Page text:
Post by Peter Clinch
Post by Paul Saunders
tiny stove with a small canister of gas wouldn't be a problem
either. Or do you take a flask of hot something?
I prefer a flask in winter: much less faff, especially as the degree
of want/need for a hot drink correlates very well with the
awkwardness of getting a brew on if you're not inside.
I agree, I prefer a flask too. I was just thinking of situations where you
might be stuck outside for a long time. The contents of the flask will run
out pretty quickly, but a stove will keep you going a lot longer, and you
won't have any trouble finding water if you're out in the snow. You could
use the boiled water to refill the flask, saving you the hassle of using the
stove too often, and you could also carry some dried food for very little
extra weight. Best if you're going somewhere remote where you might be stuck
for a long time if something happened.

Paul
--
http://www.wilderness-wales.co.uk
http://www.wilderness-images.co.uk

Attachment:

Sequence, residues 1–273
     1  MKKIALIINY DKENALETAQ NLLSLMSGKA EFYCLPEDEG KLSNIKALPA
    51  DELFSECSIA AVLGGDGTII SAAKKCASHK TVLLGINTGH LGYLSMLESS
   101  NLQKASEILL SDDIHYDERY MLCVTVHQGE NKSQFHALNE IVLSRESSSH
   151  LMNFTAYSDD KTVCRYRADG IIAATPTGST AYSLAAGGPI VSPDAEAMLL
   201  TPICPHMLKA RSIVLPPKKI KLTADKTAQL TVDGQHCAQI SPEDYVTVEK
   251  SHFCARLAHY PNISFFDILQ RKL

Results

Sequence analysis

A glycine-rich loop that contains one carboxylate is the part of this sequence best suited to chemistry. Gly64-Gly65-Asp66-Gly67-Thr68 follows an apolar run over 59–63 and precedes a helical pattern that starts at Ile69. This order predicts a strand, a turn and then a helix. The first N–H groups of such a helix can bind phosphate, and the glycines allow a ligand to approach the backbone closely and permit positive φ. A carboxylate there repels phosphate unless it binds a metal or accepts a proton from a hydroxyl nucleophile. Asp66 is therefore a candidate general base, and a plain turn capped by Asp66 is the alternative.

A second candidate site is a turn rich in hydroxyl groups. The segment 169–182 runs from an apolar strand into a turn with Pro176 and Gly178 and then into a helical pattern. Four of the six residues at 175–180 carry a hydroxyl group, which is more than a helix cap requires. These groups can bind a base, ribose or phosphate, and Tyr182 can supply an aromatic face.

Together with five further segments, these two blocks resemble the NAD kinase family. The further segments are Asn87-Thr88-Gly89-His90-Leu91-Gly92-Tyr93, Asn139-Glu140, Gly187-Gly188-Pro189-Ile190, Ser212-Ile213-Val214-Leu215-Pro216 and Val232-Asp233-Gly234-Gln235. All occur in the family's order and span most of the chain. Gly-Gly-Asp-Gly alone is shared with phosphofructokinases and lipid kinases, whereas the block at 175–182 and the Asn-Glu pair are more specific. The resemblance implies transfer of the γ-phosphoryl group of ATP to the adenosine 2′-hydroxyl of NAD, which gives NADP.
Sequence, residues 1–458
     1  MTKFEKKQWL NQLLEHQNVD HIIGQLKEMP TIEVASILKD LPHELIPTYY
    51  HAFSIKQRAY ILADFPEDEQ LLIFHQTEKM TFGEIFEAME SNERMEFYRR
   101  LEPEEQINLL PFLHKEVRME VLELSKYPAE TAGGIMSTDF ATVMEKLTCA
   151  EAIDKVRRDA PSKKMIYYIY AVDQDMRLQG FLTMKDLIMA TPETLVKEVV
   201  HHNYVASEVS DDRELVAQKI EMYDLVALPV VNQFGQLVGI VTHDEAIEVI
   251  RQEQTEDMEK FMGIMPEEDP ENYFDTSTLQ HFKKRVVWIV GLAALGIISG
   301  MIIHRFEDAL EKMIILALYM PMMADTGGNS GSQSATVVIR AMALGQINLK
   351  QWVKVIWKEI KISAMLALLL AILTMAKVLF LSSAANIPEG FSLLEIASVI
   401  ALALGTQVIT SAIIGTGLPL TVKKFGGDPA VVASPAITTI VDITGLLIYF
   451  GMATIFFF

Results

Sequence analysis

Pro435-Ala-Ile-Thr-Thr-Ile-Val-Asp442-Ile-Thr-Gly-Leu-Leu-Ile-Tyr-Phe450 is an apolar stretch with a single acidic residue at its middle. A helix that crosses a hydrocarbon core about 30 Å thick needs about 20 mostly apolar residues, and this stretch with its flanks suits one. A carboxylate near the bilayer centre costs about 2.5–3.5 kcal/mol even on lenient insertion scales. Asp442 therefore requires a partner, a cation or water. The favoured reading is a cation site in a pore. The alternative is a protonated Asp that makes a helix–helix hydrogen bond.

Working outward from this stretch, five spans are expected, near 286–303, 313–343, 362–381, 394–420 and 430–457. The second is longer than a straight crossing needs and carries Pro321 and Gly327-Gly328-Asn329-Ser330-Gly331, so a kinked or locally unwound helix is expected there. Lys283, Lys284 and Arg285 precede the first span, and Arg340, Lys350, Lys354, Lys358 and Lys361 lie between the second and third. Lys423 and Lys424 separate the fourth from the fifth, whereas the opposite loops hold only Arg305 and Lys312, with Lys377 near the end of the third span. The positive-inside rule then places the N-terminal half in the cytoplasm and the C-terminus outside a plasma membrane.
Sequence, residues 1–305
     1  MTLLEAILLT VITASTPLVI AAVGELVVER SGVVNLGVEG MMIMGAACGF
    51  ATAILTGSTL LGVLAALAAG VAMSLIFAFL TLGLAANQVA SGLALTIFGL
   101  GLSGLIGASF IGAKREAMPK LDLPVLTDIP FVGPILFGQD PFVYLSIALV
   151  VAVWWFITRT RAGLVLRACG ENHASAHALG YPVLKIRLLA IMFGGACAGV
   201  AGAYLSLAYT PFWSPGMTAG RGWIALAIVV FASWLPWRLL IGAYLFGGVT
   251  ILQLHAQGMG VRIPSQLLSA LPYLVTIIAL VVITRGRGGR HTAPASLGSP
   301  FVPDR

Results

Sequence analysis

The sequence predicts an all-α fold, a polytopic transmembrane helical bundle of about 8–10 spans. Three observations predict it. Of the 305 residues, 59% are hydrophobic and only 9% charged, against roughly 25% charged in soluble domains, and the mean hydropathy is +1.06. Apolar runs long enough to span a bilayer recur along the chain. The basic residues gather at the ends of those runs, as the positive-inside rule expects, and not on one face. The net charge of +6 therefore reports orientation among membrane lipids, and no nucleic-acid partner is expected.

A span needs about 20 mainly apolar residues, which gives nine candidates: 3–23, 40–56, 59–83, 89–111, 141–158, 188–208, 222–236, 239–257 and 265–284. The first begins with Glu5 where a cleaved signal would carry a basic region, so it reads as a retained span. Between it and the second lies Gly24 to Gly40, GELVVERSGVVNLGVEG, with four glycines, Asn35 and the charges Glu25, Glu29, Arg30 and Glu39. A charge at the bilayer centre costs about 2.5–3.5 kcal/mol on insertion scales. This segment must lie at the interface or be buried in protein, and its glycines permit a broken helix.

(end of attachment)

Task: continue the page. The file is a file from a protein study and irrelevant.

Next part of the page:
http://www.uk-rec-walking.co.uk
Fellwalker
2008-10-27 07:59:31 UTC
Permalink
Following up to sandy saunders
Post by sandy saunders
I often wonder the Lakeland Fells in snow and ice - alone
and sometimes in pretty rough conditions; been on the Helvellyn ridge in a
white-out. However, someone always knows my route, and if in any doubt I
reverse or take one of the 'escape routes' I have. I also carry extra food,
head torch, light-weight sleeping bag and survival bag, mobile phone (God
forbid!) GPS, and plenty of clothes! Maybe a bit OTT to some, but essential
for me.
and if you talk to MRT, the work load they have is from ill prepared and
unwilling to try and self rescue incompetents, not your regular hill
walker.
--
Fellwalker M